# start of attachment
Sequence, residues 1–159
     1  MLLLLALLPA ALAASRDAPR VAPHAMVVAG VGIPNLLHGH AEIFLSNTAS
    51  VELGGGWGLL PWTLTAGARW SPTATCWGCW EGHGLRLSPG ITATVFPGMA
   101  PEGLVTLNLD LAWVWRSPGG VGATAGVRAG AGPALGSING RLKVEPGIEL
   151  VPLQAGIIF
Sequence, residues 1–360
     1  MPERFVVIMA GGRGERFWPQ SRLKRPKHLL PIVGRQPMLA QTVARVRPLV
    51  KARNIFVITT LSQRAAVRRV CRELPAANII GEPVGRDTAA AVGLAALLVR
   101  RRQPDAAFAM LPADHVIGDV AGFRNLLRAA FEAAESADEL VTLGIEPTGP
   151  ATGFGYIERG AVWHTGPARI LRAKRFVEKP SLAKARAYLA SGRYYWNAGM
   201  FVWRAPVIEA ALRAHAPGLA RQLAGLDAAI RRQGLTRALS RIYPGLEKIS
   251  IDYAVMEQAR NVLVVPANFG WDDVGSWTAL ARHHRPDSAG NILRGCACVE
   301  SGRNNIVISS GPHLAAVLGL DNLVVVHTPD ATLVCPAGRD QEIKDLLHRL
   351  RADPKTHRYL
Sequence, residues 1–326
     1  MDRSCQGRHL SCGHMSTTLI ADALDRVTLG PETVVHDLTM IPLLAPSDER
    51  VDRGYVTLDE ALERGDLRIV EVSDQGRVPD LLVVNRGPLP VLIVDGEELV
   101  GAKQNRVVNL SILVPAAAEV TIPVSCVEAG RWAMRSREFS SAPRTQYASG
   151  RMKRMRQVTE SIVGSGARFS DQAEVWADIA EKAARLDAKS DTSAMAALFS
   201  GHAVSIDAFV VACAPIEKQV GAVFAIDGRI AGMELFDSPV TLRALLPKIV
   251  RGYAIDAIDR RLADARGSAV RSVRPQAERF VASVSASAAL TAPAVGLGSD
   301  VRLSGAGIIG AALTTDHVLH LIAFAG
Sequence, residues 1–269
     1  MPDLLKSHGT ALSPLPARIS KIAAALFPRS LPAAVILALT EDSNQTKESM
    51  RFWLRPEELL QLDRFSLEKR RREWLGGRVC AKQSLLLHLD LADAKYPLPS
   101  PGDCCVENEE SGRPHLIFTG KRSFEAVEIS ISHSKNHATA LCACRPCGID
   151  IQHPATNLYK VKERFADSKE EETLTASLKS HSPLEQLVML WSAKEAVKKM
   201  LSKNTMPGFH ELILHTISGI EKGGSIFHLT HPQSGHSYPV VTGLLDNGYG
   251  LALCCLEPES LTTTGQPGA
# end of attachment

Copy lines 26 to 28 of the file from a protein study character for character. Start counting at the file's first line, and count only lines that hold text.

   101  PGDCCVENEE SGRPHLIFTG KRSFEAVEIS ISHSKNHATA LCACRPCGID
   151  IQHPATNLYK VKERFADSKE EETLTASLKS HSPLEQLVML WSAKEAVKKM
   201  LSKNTMPGFH ELILHTISGI EKGGSIFHLT HPQSGHSYPV VTGLLDNGYG